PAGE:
The ambitious Pan-India Unique Identification System, more commonly known as Aadhar, will soon begin with renewed vigor. Thanks to a healthy fund infusion of Rs. 3436 Crores (US$ 630 Million), the Fourth Phase of the enrollment will soon be initiated.
Why is Aadhar taking so long? India’s population is currently pegged at 1.2 Billion Citizens. Not to mention, Indian Territory spreads across 3.2 Million Square kilometers. But these facts don’t even begin to highlight the enormity of the task.
Aadhar is a first-of-its kind National Citizenship Identification program that will not only integrate Name, Age & Photo, but even biometric identification marks like Iris & Fingerprints. Collating this information is very complex & tricky. Besides, all the information has to be collected in a Single Database. The system cannot have segmented chunks of data which are isolated. Such anomalies will undoubtedly give rise to duplication.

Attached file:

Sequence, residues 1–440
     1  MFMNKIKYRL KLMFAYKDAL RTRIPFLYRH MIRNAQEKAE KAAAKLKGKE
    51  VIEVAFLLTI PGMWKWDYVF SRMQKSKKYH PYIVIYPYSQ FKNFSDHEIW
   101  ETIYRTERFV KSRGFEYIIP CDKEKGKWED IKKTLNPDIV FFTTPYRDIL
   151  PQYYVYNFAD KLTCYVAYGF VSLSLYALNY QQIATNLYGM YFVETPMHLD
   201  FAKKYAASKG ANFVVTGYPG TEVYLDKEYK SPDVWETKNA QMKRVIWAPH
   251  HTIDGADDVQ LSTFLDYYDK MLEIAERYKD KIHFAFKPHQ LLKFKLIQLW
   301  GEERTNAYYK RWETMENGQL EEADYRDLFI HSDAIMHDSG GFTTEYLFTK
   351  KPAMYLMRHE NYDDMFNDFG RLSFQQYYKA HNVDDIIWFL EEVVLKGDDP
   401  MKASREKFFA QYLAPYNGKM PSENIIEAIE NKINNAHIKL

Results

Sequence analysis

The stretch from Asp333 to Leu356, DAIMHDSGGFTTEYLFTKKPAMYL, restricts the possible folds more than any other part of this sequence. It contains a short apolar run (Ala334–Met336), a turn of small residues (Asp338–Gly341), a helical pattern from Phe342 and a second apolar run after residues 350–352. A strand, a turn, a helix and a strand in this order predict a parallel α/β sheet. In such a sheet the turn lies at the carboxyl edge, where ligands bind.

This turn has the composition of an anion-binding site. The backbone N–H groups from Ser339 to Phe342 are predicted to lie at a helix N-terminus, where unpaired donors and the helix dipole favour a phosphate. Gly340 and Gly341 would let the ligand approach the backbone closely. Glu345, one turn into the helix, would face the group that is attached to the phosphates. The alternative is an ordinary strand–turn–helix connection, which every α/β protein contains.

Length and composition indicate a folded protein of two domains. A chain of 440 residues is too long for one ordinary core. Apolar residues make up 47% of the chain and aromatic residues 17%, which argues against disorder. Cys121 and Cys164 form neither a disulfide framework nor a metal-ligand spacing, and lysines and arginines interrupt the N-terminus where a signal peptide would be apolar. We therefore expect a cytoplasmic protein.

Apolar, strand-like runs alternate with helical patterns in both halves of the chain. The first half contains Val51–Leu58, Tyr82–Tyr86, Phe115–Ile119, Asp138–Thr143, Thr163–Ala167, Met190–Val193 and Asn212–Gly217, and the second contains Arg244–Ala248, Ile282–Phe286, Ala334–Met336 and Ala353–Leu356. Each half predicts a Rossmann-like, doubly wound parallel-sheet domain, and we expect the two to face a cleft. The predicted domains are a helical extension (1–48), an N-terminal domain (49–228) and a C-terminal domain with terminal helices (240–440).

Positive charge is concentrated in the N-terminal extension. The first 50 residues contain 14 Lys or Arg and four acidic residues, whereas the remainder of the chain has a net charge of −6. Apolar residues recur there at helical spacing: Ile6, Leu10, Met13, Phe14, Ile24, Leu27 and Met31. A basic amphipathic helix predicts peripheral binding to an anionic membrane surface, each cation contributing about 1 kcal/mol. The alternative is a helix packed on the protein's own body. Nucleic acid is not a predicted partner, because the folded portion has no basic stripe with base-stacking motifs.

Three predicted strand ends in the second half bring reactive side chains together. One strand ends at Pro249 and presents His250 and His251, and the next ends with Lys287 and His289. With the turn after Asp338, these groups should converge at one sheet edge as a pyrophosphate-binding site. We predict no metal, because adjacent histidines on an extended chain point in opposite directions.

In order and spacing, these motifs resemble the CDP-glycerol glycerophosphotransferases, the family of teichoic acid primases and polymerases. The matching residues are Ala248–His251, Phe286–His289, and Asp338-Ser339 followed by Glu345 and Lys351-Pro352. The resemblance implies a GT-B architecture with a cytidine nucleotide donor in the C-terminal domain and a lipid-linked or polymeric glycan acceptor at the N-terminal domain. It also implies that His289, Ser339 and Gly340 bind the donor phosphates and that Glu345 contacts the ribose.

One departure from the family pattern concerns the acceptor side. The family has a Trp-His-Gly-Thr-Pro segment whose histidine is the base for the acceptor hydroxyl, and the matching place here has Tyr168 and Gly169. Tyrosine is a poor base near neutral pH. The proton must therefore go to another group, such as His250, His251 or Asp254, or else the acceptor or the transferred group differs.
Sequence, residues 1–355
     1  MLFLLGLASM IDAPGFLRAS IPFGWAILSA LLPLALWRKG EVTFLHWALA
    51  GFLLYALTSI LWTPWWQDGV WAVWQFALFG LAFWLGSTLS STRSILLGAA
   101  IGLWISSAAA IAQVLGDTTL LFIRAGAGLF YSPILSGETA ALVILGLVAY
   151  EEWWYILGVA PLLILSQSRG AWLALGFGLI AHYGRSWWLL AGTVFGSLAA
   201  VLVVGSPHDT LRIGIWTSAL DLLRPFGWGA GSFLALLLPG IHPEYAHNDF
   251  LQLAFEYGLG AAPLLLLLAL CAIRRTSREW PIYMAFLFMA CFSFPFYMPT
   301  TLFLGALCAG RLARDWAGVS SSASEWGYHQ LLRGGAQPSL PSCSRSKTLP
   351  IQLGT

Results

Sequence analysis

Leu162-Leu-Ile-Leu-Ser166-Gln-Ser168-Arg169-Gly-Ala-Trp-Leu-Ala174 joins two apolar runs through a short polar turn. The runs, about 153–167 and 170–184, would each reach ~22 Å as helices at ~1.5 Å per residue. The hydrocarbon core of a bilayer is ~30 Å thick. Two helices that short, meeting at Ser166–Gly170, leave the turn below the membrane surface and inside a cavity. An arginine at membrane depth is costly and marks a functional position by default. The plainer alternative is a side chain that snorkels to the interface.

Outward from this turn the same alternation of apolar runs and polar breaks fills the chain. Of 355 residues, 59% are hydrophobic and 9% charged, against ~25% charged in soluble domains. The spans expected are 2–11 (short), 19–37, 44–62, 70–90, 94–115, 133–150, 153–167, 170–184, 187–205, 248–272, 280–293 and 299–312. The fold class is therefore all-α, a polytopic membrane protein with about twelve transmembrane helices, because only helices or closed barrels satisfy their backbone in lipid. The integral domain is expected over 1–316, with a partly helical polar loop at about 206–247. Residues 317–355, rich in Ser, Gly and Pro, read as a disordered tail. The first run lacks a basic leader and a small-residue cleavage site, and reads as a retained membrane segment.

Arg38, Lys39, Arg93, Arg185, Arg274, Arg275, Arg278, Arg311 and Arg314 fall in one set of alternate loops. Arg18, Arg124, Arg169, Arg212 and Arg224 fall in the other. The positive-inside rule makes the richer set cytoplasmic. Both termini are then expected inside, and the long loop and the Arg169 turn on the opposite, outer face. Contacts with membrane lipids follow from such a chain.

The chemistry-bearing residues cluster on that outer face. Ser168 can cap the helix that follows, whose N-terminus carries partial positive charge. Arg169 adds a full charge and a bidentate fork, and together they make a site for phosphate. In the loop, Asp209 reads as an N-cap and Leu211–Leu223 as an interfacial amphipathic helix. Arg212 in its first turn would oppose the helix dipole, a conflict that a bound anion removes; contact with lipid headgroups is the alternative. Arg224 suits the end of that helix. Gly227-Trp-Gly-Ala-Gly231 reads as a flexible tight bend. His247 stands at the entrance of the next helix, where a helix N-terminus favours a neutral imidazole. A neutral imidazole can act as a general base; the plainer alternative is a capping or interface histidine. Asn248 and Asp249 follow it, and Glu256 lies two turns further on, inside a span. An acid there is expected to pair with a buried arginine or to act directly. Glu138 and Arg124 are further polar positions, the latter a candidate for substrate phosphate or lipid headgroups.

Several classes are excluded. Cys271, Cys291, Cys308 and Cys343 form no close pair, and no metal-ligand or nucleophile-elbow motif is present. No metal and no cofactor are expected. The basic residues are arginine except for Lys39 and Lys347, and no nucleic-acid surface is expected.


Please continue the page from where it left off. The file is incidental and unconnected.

So far the UID project headed by Nandan Nilekan has managed to issue more than 31 Crore Aadhar cards, within a span of 2.5 years. The Aadhar project was initiated on 29th September 2010. Furthermore, the Aadhar team is confident adding an additional 40 Million UIDs by next year.
What are financial implications? The First stage of the enrollment process cost the Government Rs. 147.31 Crores (US$ 27 Million). The Second & third phases proved highly expensive at Rs. 8814.75 Crores (US$ 1.6 Billion). Interestingly, the Fourth Phase which would still not complete the Aadhar project has been allocated Rs. 3436 Cores.
Why undertake such an expensive exercise? India could be the only country till date to have undertaken such a colossal task of documenting its entire citizenry of 1.2 billion & counting. However, there are multi-fold benefits to the project if culminated without stagnation. The Basic Aadhar database is open & companies like Mobile Service providers or Banks too can use the same for identity verification. Research has even managed to peg the advantages in the form of a monetary value – US$ 13 Billion. Now will the Indians support the system wholeheartedly?